It's almost the end of the first month of 2016, and you may have noticed that we still haven't released anything. We are getting closer, though! At the end of our last post we mentioned that a crash bug which came up before Christmas was preventing us from releasing R.A.B.B.i.T., and that the release of an advertising plug-in meant we could finally get Defendy Rocket out. Well! We spoke too soon; we bought an Alcatel Pixi, which was one of the devices being affected by the crash bug, and discovered that it was also affecting Defendy Rocket. So, with our plans to release anything at all hinging on a fix for this bug, we decided to focus on R.A.B.B.i.T. first.
The main thing we've achieved over this month was to port almost the entire game over to native code, and run with a version of Unreal Engine that we built ourselves. The latter means that if Epic have a fix for our issue we can grab the code from Github and build a new version of the engine to test it immediately, without waiting for a new release, which usually takes a couple of weeks at best. The former means that the game should run considerably faster, without the processing overheads that come from systems created entirely in Blueprint. It should also result in a smaller file size, as the code versions of our classes have turned out to be a lot more compact than the Blueprint versions.
We also got the chance to implement and fix a number of things that we had had to drop when we were trying to push the game out before Christmas. The game now has title screen music, new sound effects and jingles for various parts of the game and front-end, and generally improved buttons and graphics throughout the game's menu. We also finalised the game's icon, as the one I'd made before Christmas wasn't really cutting it. It now looks like this:
The tutorial system and game flow have also recently come under scrutiny, as we didn't feel like people were getting the hang of how to play the game quickly enough when they were stuck playing tutorial levels over and over. Watching them play Survival mode, however, which generates different level layouts every time, we noticed that they seemed to learn how to deal with different situations much quicker. To this end, we've made the tutorial considerably shorter, just three levels instead of eight, and completing the tutorial now unlocks only Survival mode. Getting a certain score in Survival mode will unlock Sprint mode; getting a certain score in Sprint will unlock Challenges mode (Which is the new name for Missions); completing a number of missions will then unlock Custom mode. We feel that staggering the unlocks of the various modes in this way will encourage players to develop the required skills a lot quicker than if they are banging their heads against the same levels repeatedly.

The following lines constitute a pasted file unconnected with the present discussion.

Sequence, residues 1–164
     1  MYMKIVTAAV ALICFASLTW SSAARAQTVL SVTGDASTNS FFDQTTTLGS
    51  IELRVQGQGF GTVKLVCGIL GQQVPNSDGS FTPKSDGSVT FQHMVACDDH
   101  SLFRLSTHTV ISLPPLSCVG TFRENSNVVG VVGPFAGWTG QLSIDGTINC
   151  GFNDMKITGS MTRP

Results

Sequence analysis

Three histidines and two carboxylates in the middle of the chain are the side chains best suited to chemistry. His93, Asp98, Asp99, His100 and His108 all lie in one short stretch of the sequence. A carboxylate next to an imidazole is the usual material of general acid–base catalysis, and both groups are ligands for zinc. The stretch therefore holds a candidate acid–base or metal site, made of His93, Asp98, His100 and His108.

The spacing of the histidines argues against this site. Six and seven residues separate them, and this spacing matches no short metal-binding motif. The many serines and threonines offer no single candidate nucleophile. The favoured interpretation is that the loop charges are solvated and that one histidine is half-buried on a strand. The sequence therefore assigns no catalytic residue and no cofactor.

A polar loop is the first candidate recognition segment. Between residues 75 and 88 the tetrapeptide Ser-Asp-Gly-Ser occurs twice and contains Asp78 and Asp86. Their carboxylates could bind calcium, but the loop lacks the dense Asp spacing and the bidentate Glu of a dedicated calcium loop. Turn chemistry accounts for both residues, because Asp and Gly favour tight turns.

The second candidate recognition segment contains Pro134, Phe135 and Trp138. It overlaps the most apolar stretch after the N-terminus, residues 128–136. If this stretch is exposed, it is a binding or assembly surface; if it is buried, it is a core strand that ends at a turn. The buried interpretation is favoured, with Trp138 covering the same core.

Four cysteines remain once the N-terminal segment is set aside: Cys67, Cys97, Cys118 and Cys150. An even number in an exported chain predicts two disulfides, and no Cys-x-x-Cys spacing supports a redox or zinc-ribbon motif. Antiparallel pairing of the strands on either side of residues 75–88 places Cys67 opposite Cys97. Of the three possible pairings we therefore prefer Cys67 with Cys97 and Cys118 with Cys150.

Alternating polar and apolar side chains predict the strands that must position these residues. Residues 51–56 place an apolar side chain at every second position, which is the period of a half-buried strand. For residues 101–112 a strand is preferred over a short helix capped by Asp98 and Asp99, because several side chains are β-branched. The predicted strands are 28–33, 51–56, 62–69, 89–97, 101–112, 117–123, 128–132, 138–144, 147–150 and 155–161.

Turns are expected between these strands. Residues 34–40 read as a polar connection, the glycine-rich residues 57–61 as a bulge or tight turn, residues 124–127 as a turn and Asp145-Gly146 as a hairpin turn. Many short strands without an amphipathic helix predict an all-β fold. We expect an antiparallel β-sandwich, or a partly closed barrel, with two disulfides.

Finally, while discussing ways of making the tutorial work, we decided that adding stars to collect would offer a light challenge, and also encourage exploration of different ways of moving around the levels. At this point we figured, 'Why stop there?', and went ahead and added the stars to Sprint mode and the Challenge levels. In Sprint mode, stars will appear when you are low on time (one of the things we disliked about this mode was that it was possible to start a level with insufficient time with which to complete it, meaning you have to just let it run out) and give you a 2.5 second bonus when collected. The position of these stars needed to be procedurally generated, so we had to develop rules for placing them. Challenge levels will have five stars each, this time placed by hand. We're hoping this will add an optional layer of challenge to these levels, for when just completing them becomes trivial for you!
To finish, here's a GIF of what the stars look like in-game: